I’m not supposed to be buying books again this year. I’ve already bought three. We’re not quite halfway through January. The bodings are heading in the wrong direction.
Today, the Observer newspaper has published its list of debut novelists to look out for. I’m excited by a few of them.
Hold by Michael Donkor ticks lots of boxes for me. I like what he says in his interview about the lack of presence in contemporary African literature of the young women who work as housegirls in affluent African homes. I like the story of how the book evolved and how he struggled at first to get it published.
Mary Lynn Bracht’s White Chrysanthemum grabs me because I enjoyed Pachinko so much, and because the history of the Comfort Women is still far too hidden, despite recent pressure on the Japanese government to acknowledge their existence and the damage done by the Japanese forces occupying Korea during the Second World War. This novel sounds like a brutal but truthful telling of a story that still has repercussions for Korean families today.
A J Pearce had me at Twinkle in her interview. Twinkle was the highlight of my week in my early magazine and comic reading years, too. Although I don’t buy magazines regularly any more, they are still a source of pleasure when I do pick one up to read on my travels, or when I lose myself between the glossy pages of Red or Cosmopolitan at the hairdresser. Woman’s Weekly was my mum’s magazine of choice while People’s Friend was my great aunt Doris’s. I used to enjoy the serialised stories and pieces of short fiction in both magazines growing up. Dear Mrs Bird has the Woman’s Friend at its centre, a magazine that ceased to exist before I was born, and it sounds like a fun read.
The Mermaid and Mrs Hancock by Imogen Hermes Gowar interests me because its genesis is in a museum object and I’m interested in how fictional accounts of an object’s history can supplement the story telling curators present on gallery. We worked with an artist a couple of years ago who imagined a conversation between two objects in the museum collection. Facts influenced the performance piece she created, but it was mainly a flight of imagination. The setting of Gowar’s book is one of my favourites for historical fiction.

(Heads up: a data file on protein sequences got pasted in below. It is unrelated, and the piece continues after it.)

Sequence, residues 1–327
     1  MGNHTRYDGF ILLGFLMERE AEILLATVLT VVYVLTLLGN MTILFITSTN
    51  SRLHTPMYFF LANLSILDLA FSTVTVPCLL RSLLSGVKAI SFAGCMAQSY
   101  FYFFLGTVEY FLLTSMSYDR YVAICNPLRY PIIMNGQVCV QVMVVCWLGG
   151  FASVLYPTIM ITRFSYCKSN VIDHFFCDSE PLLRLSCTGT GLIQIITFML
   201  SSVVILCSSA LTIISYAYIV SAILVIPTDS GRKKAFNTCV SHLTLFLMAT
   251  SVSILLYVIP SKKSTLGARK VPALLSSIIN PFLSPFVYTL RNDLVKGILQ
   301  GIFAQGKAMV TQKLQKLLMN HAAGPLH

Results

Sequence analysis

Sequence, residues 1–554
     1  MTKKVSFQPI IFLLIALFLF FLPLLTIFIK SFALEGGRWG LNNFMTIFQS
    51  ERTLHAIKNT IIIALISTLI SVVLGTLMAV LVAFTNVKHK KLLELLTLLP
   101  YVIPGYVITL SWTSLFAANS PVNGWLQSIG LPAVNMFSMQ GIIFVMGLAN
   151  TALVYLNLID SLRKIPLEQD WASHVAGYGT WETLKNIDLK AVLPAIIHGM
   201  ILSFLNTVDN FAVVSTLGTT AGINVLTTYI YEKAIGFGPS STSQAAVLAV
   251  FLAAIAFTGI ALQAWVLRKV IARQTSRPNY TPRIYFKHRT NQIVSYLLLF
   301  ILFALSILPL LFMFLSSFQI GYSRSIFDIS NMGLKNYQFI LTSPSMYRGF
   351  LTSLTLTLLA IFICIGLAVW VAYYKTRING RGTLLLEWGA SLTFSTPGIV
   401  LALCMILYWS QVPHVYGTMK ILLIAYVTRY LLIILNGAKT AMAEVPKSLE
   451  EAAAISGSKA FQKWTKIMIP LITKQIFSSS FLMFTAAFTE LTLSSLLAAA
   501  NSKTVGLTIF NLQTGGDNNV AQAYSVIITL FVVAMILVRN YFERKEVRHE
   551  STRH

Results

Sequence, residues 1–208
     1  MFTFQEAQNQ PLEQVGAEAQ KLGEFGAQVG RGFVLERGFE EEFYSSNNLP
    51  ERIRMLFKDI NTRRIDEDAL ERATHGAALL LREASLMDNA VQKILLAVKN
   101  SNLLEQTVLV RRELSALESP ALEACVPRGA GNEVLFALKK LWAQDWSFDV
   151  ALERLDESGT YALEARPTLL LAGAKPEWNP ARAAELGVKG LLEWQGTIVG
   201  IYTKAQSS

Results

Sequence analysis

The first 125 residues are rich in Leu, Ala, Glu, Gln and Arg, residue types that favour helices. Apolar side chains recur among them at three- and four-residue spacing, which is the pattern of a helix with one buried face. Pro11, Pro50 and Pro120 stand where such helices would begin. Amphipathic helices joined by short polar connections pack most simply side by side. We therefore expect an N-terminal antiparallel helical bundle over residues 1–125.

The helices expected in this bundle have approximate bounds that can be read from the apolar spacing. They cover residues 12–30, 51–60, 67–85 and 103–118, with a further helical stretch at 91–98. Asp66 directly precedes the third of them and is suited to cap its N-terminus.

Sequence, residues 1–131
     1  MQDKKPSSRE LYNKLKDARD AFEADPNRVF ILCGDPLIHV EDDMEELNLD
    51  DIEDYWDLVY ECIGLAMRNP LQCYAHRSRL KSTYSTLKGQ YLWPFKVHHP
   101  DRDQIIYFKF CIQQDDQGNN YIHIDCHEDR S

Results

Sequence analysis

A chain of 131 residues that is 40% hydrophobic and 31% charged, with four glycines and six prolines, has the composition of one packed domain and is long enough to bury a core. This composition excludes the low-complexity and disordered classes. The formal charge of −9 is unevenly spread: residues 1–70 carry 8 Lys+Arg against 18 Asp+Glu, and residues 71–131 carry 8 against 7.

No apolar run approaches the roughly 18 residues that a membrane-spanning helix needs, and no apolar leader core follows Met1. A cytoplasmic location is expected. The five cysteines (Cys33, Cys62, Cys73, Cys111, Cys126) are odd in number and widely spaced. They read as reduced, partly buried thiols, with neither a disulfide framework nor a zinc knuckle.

Finally off this list, The Lido by Libby Page sounds wonderful. I love the themes of community, intergenerational friendship and social action that Page has focused on. As someone who has moved around a lot for work, building new friendships in each place that I’ve lived, the things Page says in her interview about finding your community resonate with me, particularly when she talks about twenty-something loneliness and anxiety, something that I experienced when I moved to Plymouth for my first professional job. Loneliness is a subject that has come up a couple of times for me recently, in the focus of The Peculiar Life of a Lonely Postman, in my personal response to Tom Cox’s book and in conversation with my therapist. Life often is lonely, and how we choose to respond to it determines how it affects our lives and well being.
There will be other debut novels this year, and more lists that push them in front of me to tempt me away from the books teetering on my To Read pile, but these will do for now.
Which debut novels are you looking forward to this year?